Rural Intersection Safety for Autonomous and Connected Vehicles

Principal Investigator(s):

Rajesh Rajamani, Professor, Chair, Mechanical Engineering


  • Brian Davis, Associate Dir., Mobility Tech. Lab, Mechanical Engineering

Project summary:

Nearly two-thirds of crashes in Minnesota leading to fatalities or serious injuries occur at rural intersections. The typical sensors on an autonomous vehicle do not have the field-of-view to be able to monitor the trajectories of distant vehicles in cross-traffic and correctly identify vehicle gaps for safely traveling at thru-STOP rural intersections. This project will develop and evaluate a roadside unit that will enable an intersection to communicate with connected and autonomous vehicles (CAVs) and help them with safely travelling through/at intersections. The key components of the proposed system will include a low-cost (~$170) radar sensor chip and antenna, microprocessor-based software for accurate trajectory tracking of vehicles and an infrastructure-to-vehicle wireless system for communicating with CAVs. The proposed system will help CAVs handle rural intersections safely and efficiently, including those with missing delineation and signage. It can also be combined with recent intelligent intersection warning systems implemented in Minnesota that provide visual alerts to stop/allow safe passage of human driven vehicles at thru-STOP intersections. The proposed system is low-cost and suitable for widespread deployment. Tasks in the seed project include developing comprehensive vehicle tracking algorithms for use at an intersection using a low-cost radar chip, implementing a roadside hardware unit containing all sensors, electronics, and wireless communication hardware, interfacing with the CTS MnCAV vehicle, and a public demonstration of the technology using the MnCAV vehicle at an intersection where the system is deployed.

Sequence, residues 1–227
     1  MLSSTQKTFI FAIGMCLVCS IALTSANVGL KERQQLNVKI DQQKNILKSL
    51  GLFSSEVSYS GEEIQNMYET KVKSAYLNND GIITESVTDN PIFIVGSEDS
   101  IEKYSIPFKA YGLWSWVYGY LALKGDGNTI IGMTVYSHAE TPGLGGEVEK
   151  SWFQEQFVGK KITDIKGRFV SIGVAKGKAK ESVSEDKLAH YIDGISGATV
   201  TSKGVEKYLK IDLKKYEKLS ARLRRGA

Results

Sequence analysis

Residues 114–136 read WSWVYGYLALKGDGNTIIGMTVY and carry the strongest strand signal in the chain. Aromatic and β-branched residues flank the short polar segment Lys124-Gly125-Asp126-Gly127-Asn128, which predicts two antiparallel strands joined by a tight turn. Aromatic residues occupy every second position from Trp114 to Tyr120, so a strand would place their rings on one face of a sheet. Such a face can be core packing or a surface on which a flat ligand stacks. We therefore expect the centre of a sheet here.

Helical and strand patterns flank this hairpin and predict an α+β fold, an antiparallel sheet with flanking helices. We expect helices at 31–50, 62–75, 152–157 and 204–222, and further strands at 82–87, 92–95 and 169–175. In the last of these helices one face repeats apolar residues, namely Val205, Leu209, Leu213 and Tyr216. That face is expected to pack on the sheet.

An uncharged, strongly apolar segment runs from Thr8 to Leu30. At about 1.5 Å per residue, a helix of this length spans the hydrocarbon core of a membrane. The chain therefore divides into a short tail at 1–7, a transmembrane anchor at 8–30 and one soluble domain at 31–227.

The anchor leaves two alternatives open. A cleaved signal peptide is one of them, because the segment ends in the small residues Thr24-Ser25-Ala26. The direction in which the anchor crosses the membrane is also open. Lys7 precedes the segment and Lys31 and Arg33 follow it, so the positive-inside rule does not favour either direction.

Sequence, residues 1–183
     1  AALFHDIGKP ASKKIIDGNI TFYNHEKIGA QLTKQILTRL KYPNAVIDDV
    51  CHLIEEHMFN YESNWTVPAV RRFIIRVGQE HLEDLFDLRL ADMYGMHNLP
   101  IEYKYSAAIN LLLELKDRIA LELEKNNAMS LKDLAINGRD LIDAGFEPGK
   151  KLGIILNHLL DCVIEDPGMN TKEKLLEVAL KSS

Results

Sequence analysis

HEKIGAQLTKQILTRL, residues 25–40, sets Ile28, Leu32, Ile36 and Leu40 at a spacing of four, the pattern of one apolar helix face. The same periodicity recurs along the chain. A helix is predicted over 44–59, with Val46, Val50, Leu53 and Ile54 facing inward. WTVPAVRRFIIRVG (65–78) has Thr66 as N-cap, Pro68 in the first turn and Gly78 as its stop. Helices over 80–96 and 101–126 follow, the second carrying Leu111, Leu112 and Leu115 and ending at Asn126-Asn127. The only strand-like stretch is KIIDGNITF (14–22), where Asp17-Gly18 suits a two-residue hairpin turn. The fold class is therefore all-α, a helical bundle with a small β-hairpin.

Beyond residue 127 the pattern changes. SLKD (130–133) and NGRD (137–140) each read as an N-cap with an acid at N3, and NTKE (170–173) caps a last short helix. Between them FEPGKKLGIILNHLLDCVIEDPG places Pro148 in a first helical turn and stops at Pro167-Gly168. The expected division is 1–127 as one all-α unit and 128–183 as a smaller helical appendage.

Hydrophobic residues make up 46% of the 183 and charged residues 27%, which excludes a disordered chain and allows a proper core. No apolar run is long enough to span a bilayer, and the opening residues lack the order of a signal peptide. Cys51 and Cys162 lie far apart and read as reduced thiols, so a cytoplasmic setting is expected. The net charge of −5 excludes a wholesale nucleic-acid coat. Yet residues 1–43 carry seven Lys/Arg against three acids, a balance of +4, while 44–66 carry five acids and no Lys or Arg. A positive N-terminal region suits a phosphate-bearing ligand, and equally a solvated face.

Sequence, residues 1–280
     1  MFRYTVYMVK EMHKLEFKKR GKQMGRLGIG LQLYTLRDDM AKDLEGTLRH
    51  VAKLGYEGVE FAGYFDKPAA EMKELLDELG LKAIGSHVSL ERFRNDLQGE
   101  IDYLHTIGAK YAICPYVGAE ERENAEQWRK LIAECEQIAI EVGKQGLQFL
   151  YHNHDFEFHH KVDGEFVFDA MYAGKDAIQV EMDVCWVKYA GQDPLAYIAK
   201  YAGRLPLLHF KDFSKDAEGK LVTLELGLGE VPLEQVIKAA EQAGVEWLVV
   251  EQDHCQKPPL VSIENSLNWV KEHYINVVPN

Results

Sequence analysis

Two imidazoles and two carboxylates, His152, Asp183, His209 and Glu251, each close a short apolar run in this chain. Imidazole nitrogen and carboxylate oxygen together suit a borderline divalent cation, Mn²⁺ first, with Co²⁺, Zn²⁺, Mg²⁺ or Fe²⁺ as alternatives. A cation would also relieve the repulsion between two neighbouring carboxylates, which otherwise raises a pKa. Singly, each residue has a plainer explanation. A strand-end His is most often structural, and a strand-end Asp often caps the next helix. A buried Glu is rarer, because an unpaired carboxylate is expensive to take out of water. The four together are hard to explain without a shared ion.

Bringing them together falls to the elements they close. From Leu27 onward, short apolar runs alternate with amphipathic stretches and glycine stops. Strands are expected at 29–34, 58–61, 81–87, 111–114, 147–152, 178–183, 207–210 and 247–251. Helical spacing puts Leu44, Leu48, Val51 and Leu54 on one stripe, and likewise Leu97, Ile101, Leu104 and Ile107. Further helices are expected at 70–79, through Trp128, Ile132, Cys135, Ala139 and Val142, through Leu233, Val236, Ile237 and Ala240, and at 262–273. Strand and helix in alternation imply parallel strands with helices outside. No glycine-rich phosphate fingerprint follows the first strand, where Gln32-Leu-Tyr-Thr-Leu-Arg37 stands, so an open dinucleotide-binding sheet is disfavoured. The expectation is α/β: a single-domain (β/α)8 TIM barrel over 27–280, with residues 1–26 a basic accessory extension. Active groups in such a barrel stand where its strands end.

Project details: